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Okorie v. Nielsen

United States District Court, W.D. Missouri, Western Division

May 6, 2019

CHIJIOKE JOSHUA OKORIE, Petitioner,
v.
KIRSTJEN NIELSEN, Secretary, Department of Homeland Security, et al., Respondents.

          ORDER

          NANETTE K. LAUGHREY UNITED STATES DISTRICT JUDGE

         Respondents Kirstjen Nielsen, L. Francis Cissna, Nelson Perez, and Michelle Perry move to dismiss this action or, in the alternative, to transfer the action to the United States District Court for the District of Kansas. Doc. 8. For the following reasons, Respondents' motion is granted in part and denied in part.

         I. Background

         “Petitioner [Okorie] is a Nigerian citizen who has been a legal permanent resident since July 26, 2010.” Doc. 1 (Petition), ¶ 1. He resides in Wellsville, Kansas. Id. at ¶ 2; Doc. 1-1 (Civil Cover Sheet) (listing Okorie's address as “Outside This District”); Doc. 8-1 (Declaration of Elaine Howlett), ¶ 6 (“USCIS records databases indicate that the most current address provided by Chijioke Joshua Okorie is 27121 West Tahoe, Wellsville, KS 66092.”). Okorie filed an application for citizenship, known as an “N-400, ” on May 18, 2015. Doc. 1, ¶ 11. On February 21, 2017, the United States Citizenship and Immigration Services (“USCIS”) denied Okorie's application. Id. at ¶ 12. Okorie filed an N-336 administrative appeal, also referred to as a request for a hearing, see 8 U.S.C. § 1447(a), on April 4, 2017. Id. at ¶ 13. On August 14, 2018, USCIS sent Okorie a notice of decision rejecting his request for a hearing as “improperly filed.” Doc. 8-4 (August 14, 2018 Notice of Decision), p. 1; Doc. 1, ¶ 14. USCIS stated that Okorie's submission was not submitted within the proper timeframe and did “not meet the requirements for a motion to reopen or reconsider because [he] did not submit any new facts to be considered, nor did [he] establish the decision was based on an incorrect application of law.” Doc. 8-4, p. 1.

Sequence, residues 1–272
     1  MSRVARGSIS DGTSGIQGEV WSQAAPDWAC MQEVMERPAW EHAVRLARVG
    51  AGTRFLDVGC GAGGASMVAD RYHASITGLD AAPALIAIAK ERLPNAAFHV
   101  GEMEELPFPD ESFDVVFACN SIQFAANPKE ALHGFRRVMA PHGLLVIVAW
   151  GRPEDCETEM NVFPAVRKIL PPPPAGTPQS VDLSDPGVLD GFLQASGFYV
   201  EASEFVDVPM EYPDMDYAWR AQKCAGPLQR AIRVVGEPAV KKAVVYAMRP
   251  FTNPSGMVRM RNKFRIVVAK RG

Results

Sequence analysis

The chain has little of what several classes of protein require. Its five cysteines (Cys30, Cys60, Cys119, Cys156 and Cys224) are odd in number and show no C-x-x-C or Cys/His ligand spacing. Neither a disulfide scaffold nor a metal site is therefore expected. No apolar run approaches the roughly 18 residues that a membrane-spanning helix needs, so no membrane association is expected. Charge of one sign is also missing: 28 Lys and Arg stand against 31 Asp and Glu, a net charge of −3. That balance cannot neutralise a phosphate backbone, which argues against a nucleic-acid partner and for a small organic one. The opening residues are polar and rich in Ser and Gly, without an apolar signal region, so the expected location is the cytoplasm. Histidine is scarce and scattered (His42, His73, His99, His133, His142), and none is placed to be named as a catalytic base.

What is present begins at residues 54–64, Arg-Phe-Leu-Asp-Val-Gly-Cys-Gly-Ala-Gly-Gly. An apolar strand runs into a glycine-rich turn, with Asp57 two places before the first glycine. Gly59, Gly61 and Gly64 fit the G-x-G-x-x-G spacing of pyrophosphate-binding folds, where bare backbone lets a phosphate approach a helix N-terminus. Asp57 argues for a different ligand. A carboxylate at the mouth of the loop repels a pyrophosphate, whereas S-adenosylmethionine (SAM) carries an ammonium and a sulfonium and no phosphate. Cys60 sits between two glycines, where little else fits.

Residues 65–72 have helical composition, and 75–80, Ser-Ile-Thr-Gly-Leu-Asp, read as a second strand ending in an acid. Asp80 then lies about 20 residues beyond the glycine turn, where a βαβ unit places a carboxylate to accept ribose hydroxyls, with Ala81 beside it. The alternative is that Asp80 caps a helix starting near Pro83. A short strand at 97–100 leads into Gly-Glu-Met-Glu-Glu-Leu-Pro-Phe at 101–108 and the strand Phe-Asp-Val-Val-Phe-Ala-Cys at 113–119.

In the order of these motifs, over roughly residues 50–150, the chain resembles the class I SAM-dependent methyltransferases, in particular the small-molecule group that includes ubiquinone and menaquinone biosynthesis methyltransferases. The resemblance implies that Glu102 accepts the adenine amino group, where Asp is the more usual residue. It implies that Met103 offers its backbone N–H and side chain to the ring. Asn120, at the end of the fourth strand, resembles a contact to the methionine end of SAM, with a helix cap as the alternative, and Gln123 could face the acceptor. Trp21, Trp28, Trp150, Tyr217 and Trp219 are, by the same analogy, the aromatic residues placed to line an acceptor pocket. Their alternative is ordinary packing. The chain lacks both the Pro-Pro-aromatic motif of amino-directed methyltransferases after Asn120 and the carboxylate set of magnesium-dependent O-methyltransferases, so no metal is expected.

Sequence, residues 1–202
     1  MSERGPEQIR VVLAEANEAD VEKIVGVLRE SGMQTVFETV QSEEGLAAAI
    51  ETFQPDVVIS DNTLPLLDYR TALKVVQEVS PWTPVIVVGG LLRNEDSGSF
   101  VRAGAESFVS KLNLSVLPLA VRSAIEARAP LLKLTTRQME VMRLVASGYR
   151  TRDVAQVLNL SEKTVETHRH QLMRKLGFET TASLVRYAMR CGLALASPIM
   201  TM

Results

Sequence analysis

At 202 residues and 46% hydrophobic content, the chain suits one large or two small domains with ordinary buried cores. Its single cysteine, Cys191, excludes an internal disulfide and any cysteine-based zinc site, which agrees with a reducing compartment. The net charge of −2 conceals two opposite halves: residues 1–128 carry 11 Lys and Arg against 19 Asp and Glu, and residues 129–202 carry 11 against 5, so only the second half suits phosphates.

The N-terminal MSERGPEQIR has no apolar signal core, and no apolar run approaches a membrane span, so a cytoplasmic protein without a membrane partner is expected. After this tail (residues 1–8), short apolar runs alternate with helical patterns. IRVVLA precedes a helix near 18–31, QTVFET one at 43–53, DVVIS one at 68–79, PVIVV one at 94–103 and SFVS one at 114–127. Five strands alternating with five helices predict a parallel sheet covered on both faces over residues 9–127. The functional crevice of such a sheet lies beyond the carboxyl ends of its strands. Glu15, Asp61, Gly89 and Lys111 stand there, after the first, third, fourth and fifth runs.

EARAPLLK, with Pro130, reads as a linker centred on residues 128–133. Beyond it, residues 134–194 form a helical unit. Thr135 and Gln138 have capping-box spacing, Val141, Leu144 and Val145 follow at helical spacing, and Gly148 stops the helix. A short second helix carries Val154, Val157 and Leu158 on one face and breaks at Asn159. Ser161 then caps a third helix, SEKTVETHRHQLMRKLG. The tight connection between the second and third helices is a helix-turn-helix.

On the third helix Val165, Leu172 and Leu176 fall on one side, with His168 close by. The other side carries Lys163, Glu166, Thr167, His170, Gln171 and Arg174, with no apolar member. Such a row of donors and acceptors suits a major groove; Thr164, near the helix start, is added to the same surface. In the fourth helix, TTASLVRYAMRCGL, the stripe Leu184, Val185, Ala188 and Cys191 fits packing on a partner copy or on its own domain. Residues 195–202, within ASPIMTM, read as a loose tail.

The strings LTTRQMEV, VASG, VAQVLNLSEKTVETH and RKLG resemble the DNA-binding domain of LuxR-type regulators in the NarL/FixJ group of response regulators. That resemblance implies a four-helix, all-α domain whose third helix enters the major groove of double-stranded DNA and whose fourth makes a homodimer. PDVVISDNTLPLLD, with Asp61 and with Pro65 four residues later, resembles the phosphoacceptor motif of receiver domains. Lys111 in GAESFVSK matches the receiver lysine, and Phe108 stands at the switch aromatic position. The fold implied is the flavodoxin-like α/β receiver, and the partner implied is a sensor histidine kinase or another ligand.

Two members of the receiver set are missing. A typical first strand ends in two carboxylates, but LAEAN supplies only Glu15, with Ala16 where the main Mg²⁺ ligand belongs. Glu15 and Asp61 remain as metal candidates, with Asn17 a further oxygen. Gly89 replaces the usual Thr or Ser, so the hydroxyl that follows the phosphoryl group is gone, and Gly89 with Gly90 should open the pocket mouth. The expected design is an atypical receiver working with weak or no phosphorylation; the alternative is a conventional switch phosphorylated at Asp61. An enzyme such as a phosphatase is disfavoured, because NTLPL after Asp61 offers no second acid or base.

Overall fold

On September 11, 2018, the U.S. Department of Homeland Security issued Okorie a notice to appear for removal proceedings set to take place beginning October 30, 2018, at 8:30 AM in Kansas City, Missouri. Doc. 8-5 (Department Filing of Notice to Appear), pp. 1-2.

         On December 1, 2018, Okorie filed suit in this Court seeking de novo review of his N-400 application pursuant to 8 U.S.C. § 1421(c). Doc. 1, ¶ 20. Respondents seek dismissal of the action or, in the alternative, transfer to the United States District Court for the District of Kansas.

         II. Discussion

         8 U.S.C. § 1421(c) permits a person whose application for naturalization has been denied to “seek review of such denial before the United States district court for the district in which such person resides.” It is uncontested that this action was filed in the incorrect district, as Okorie is a resident of Wellsville, Kansas. Doc. 13 (Suggestions in Opposition), p. 6. Okorie requests transfer to the United States District Court for the District of Kansas. Respondents do not oppose transfer, Doc. 15 (Reply in Support of Motion to Dismiss), pp. 1, 7, but argue that dismissal is appropriate because “transfer to the correct venue-the District of Kansas-would be futile.” Doc. 8 (Motion to Dismiss), p. 1.